Stage Right: the Jewish Elders. This is first century, Roman-occupied Israel. Roman centurions and Jewish Elders are not BFF’s. They don’t hang out together or invite each other over for dinner. For the Jews, nothing good is going to come from talking to a Roman, especially a Roman centurion. Dr. Glen Thompson tells us this about the centurions:

The most important officers [of a legion] from a military standpoint were the sixty centurions…. Each had full responsibility over his century—command in battle, administration, training and discipline…. Centurions received double the pay of the ordinary soldier and were regularly posted from legion to legion over great distances, often remaining in the army until death…. It often took fifteen to twenty years for a soldier to work his way up to centurion rank. A centurion who was not a harsh, haughty man was an exception.[2]

In the first century, Caesar had 25 legions comprised of 4,800 men each. That’s 120,000 in military service of which only 1,500[3] were centurions. He had power and authority recognized throughout the world. While Roman senators may have been gentlemen, Roman centurions were not.

It would have been scandalous – and frightening – for the Centurion to go to Jesus himself. Therefore, it may not shock us that the Centurion sent the Jewish Elders out to meet Jesus.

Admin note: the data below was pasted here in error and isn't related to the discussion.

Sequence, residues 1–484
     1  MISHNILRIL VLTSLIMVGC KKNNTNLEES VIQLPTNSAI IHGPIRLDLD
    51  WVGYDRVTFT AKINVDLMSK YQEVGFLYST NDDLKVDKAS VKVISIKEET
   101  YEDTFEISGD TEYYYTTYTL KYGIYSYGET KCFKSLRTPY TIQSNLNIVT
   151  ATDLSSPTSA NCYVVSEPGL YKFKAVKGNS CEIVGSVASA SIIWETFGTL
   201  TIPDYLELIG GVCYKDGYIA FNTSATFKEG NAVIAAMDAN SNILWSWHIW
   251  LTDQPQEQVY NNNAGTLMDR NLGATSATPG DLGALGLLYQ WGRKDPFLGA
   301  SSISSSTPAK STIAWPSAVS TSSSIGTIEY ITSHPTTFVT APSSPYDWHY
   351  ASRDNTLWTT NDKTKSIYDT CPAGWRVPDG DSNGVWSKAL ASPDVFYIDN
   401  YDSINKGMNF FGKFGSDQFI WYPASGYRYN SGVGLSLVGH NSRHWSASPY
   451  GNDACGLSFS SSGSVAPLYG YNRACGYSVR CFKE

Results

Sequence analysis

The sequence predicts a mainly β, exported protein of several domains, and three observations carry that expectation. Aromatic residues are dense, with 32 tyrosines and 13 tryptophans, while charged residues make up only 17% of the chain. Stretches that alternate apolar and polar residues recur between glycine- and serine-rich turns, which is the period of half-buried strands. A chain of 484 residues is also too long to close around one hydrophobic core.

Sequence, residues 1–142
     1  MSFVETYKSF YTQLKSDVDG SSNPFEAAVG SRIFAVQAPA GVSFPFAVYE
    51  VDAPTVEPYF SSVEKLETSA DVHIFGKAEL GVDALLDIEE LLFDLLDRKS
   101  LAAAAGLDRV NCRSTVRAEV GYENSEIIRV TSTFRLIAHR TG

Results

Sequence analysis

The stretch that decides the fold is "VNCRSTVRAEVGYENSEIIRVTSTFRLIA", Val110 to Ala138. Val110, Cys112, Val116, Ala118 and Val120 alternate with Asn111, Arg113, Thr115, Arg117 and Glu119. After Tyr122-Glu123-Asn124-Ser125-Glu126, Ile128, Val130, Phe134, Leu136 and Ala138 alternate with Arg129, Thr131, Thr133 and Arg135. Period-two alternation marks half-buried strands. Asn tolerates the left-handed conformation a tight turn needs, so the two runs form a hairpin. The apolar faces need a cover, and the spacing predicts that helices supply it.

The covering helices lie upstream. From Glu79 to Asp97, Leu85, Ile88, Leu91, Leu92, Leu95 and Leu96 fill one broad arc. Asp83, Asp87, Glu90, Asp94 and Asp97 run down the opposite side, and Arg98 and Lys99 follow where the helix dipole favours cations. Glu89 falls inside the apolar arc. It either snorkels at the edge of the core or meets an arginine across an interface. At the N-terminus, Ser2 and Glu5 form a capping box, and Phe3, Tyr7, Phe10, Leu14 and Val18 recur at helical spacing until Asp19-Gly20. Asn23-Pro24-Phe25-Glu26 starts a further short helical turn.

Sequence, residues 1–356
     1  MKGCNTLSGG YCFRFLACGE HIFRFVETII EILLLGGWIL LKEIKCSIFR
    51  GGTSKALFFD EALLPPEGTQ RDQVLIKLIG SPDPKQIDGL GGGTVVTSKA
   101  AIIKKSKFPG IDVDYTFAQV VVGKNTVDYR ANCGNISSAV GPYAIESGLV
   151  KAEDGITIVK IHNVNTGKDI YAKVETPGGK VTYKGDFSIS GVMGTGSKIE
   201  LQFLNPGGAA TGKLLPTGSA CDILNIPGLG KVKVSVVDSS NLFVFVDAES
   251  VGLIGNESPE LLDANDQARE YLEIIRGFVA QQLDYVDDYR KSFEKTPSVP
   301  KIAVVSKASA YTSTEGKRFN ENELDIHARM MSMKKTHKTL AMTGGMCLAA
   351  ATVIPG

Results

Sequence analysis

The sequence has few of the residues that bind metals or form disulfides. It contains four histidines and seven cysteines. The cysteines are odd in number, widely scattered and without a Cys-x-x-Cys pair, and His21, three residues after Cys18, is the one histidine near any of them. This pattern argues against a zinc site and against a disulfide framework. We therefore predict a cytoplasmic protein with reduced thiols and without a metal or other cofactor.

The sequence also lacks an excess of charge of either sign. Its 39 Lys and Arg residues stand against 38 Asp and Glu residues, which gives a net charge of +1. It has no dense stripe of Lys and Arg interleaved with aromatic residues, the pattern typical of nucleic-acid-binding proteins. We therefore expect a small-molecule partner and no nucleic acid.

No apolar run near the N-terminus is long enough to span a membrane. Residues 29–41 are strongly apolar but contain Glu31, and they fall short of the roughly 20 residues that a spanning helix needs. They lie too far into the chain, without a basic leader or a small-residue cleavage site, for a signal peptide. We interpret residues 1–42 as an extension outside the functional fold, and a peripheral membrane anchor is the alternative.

The Jewish Elders allow themselves to be sent by the Gentile Centurion as message-bearers to Jesus. But they don’t carry the message begrudgingly – they “appealed to [Jesus] earnestly” to come and heal the Centurion’s slave. There isn’t any indication that they do this out of fear or coercion.

The Elders say that “[the Centurion] loves (αγαπη) our people, and it is he who built our synagogue for us.” (v. 5) The Elders tell Jesus that through the Centurion’s actions, they have deemed him worthy not only for them to speak to Jesus on his behalf – but he is worthy enough that the Elders do not modify the Centurion’s request that Jesus come to his house to heal. The Centurion has established himself as a respecter of the Jewish faith.